Tadashi’s favorite tai chi spot sat a short stroll away in Gnosis, the education district. Our city was composed of many such floating neighborhoods, each an artificial island linked to the others by a layered web of bridges and walkways. Together they formed Opalis, our home which crisscrossed the Pacific. We stopped midway along the bridge between Gnosis and Fora, which overlooked the city’s central harbor and the gold domes of the healthcare district, Karuna. The gusty sea breeze sprayed droplets in our faces from below. Quilo let go of the frond over the railing and we watched it fall into the water, its leaves fully extinguished now. Typhoon Hageshī’s outer thunderstorm bands sat prominently on the eastern horizon, lightning frequently illuminating them from within. Opalis had already made two course-corrections on its journey from Tokyo to the space elevator in Indonesia to avoid the worst of the superstorm’s erratic track. Every last one of the city’s propulsion systems was churning deep below the water line to steer us out of the path of devastation, but forecasts still called for blustery days during our skirt around Hageshī’s center.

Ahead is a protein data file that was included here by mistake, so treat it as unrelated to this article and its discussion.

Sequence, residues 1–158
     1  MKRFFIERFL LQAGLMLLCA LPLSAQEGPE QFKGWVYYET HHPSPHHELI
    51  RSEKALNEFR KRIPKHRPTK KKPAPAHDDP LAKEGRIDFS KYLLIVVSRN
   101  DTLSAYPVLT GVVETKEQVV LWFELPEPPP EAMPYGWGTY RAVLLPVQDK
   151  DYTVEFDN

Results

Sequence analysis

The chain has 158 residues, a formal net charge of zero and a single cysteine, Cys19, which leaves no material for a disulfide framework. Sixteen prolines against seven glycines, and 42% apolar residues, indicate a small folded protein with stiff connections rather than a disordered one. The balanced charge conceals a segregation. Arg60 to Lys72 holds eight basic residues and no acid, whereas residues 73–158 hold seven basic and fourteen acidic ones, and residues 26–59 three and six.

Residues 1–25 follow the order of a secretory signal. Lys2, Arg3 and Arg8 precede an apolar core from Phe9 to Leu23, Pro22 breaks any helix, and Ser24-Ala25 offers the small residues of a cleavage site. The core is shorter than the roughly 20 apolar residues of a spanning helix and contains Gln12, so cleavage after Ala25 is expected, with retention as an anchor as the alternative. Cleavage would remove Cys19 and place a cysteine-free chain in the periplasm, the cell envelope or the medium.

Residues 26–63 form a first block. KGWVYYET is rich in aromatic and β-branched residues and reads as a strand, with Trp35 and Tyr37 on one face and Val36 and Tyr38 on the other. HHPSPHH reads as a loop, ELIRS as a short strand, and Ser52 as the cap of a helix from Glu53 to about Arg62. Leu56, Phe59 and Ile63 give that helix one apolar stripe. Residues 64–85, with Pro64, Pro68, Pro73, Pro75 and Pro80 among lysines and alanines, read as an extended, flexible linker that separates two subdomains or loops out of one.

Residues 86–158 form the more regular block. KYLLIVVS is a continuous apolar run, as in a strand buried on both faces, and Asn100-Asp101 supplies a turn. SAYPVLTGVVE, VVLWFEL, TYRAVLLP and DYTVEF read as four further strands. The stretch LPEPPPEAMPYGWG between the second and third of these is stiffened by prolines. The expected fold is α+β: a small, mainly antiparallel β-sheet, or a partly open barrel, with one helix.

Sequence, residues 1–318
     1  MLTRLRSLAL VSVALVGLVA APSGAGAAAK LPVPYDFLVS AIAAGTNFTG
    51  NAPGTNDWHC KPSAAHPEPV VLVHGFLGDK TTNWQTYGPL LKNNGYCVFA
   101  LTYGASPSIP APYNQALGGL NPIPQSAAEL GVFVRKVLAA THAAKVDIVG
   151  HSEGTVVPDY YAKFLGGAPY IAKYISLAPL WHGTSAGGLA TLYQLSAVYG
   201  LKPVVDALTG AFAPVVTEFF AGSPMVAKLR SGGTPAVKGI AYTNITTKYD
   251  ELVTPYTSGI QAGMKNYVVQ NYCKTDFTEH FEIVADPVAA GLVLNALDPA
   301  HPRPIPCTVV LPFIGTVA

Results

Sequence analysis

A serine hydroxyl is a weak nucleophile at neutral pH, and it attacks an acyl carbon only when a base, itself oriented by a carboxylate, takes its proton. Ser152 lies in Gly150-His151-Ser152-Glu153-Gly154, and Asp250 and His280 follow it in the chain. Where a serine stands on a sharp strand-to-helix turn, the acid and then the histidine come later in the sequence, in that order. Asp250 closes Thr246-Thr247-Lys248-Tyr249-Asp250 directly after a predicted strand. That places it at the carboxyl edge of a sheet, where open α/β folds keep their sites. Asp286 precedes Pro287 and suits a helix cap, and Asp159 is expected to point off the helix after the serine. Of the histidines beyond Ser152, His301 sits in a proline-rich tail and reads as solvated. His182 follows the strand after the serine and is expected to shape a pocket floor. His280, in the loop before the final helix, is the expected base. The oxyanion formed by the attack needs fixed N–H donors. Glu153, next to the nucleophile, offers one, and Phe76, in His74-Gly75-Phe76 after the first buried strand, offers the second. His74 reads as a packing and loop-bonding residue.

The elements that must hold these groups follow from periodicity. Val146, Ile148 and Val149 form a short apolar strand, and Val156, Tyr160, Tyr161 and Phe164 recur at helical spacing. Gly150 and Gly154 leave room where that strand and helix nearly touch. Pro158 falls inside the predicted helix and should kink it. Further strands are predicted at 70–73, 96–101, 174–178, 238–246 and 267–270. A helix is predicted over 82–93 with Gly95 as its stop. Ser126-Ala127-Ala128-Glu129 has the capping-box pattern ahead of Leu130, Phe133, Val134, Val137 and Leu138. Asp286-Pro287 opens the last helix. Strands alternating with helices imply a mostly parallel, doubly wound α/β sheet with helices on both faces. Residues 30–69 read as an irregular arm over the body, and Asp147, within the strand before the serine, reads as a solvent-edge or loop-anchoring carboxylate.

“Can you look at that thunderhead with me?” I said, pointing unnecessarily. Quilo’s gaze responded without hesitation.

“See where it forms that towering ledge?”

“Yeah, there!” he replied.